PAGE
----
The Effect of Slot Configuration on Active Flow Control of Swept Wings at Low Reynolds Numbers

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The Ohio State University

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Active flow control (AFC) in the form of a discrete wall normal slot was investigated on a NACA 643-618 laminar wing model. The wing model has a leading-edge sweep of (Λ = 30°) and tests were performed using a chordwise Reynolds number of 100,000 with specific focus on the stall characteristics and performance of AFC while reducing energy needs. The study included comparing a segmented slot to a single continuous slot as well as the positioning of the slot itself along the chord at a spanwise location of z/b = 70%. For an Aeff/A of 0.5 (as compared to the original slot) maximum lift performance improved 9.6% for multiple slots while a single slot improved the maximum lift by 8.3% over the baseline. Surface flow visualization using tufts revealed that a single slot is much more effective at stopping spanwise flow and delaying stall to a higher angle of attack by 4°. For an Aeff/A of 0.75 (as compared to the original slot), lift performance improved 15.6% and 16.2% by covering x/c = 25% of the slot on the pressure and suction side of the airfoil, respectively. Covering the pressure side of the slot yielded lower drag from 20° - 24°. Through all configurations, the maximum lift coefficient is seen to depend on and increases with added Cμ. However, other performance characteristics such as drag and stall angle depend on the physical configuration of the slot. In addition, the configuration of the slot can also impact the pitching stability of the wing and delay the onset of an unstable pitching moment by up to 20°. Future work may seek to target specific performance areas by strategically placing the slot or only activating certain portions of the slot.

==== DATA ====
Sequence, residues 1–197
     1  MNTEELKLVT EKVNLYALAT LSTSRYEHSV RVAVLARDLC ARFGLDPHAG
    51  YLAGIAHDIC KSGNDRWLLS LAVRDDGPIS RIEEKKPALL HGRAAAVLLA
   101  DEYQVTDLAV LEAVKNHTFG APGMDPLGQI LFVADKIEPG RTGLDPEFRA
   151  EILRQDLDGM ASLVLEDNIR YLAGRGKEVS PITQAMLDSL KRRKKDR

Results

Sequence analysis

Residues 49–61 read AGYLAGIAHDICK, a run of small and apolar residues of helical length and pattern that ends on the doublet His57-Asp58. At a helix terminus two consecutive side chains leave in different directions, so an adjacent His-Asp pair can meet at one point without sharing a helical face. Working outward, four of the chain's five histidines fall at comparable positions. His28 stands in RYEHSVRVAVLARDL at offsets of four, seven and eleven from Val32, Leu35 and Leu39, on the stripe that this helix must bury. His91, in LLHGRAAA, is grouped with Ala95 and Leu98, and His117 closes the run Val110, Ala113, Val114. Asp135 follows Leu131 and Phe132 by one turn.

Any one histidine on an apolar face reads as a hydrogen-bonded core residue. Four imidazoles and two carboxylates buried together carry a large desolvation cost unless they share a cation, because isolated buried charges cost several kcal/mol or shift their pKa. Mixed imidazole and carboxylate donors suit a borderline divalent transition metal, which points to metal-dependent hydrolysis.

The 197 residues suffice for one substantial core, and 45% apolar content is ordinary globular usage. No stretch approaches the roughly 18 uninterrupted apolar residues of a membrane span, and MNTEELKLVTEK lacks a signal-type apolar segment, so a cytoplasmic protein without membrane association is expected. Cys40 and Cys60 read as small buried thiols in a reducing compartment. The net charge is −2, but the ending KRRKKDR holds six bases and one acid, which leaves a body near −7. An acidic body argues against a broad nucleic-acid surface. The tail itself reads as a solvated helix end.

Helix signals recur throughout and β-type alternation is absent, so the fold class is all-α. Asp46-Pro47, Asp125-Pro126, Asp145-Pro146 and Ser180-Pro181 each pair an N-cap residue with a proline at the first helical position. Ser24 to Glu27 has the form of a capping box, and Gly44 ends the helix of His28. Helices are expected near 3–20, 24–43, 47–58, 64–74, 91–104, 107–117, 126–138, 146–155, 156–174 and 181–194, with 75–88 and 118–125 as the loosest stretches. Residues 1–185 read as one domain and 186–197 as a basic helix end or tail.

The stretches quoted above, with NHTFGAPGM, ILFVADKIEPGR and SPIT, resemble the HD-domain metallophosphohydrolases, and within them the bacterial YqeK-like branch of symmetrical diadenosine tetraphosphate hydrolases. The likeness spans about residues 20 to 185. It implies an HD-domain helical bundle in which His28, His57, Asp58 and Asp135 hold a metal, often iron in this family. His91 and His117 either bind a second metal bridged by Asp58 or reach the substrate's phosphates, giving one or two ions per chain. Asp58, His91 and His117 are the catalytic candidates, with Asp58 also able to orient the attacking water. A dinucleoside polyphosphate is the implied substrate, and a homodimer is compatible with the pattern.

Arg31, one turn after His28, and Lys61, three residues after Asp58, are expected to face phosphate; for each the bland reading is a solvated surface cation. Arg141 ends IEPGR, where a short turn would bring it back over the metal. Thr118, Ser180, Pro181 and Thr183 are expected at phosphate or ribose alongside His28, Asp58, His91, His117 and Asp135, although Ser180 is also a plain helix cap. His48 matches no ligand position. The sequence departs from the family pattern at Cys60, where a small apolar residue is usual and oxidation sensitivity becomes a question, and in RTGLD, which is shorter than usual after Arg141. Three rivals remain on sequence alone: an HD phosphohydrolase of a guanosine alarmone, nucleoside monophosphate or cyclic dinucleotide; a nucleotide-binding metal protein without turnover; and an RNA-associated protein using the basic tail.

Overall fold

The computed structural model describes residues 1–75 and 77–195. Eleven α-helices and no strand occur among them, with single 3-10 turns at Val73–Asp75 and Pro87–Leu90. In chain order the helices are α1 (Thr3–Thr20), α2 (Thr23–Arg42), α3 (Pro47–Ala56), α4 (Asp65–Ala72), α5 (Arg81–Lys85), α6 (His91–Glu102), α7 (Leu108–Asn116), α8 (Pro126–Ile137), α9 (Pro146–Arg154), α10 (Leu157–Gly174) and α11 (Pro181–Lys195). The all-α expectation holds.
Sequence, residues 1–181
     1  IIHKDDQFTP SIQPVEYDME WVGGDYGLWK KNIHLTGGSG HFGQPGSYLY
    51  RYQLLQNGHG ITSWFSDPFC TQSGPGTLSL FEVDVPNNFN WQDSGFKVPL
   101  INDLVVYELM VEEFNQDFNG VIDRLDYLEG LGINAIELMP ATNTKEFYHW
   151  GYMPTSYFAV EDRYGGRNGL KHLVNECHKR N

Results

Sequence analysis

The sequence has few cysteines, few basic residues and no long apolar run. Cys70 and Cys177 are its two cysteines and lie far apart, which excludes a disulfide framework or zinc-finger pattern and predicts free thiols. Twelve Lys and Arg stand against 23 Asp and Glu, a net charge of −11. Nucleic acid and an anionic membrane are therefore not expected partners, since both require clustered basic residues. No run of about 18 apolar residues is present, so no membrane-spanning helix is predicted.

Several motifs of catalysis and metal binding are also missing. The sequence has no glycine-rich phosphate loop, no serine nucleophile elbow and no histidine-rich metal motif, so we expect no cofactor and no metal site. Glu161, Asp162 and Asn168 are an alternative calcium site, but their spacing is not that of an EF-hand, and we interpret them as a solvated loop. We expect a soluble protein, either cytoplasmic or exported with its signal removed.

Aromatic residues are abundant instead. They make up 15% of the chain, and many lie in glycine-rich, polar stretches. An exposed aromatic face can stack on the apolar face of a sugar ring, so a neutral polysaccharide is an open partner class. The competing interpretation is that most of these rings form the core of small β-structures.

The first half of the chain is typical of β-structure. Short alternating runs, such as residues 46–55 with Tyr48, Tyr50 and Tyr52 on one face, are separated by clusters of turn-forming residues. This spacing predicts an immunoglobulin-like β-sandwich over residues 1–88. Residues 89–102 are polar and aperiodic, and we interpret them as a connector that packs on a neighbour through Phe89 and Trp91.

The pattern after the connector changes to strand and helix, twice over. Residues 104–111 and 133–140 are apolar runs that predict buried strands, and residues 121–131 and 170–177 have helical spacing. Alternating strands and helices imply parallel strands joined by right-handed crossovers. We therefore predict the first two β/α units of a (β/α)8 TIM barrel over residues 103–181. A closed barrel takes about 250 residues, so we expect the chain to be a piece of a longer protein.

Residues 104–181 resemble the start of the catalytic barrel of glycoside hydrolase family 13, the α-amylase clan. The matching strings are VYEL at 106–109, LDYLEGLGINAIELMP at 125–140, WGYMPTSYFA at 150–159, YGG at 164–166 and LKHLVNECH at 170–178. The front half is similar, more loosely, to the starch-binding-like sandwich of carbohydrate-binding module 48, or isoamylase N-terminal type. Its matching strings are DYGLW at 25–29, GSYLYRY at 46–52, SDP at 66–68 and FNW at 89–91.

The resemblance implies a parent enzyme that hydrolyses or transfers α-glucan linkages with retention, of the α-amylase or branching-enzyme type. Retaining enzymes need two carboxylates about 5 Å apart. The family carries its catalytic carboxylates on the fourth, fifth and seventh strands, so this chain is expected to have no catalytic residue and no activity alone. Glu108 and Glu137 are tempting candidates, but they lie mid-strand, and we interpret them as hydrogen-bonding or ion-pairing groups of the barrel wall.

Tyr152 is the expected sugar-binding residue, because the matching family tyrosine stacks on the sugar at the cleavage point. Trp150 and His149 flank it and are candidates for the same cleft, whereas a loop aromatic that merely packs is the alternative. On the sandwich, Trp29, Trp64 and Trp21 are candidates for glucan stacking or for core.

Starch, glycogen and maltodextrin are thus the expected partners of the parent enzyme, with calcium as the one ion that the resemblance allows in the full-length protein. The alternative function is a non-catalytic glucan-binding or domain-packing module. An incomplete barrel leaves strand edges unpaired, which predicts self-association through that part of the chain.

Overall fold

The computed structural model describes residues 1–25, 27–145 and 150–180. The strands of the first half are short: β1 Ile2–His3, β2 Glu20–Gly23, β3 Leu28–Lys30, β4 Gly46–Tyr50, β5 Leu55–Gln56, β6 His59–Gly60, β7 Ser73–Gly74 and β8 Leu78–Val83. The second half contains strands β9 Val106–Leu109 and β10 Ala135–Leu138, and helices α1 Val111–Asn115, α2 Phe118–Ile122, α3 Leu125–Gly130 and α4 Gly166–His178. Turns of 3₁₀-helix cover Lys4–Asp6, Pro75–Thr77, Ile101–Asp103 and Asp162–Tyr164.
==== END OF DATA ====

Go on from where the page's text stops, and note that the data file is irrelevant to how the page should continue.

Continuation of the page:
Flow Control, Swept Wing, Low Reynolds Numbers, Aerodynamic Performance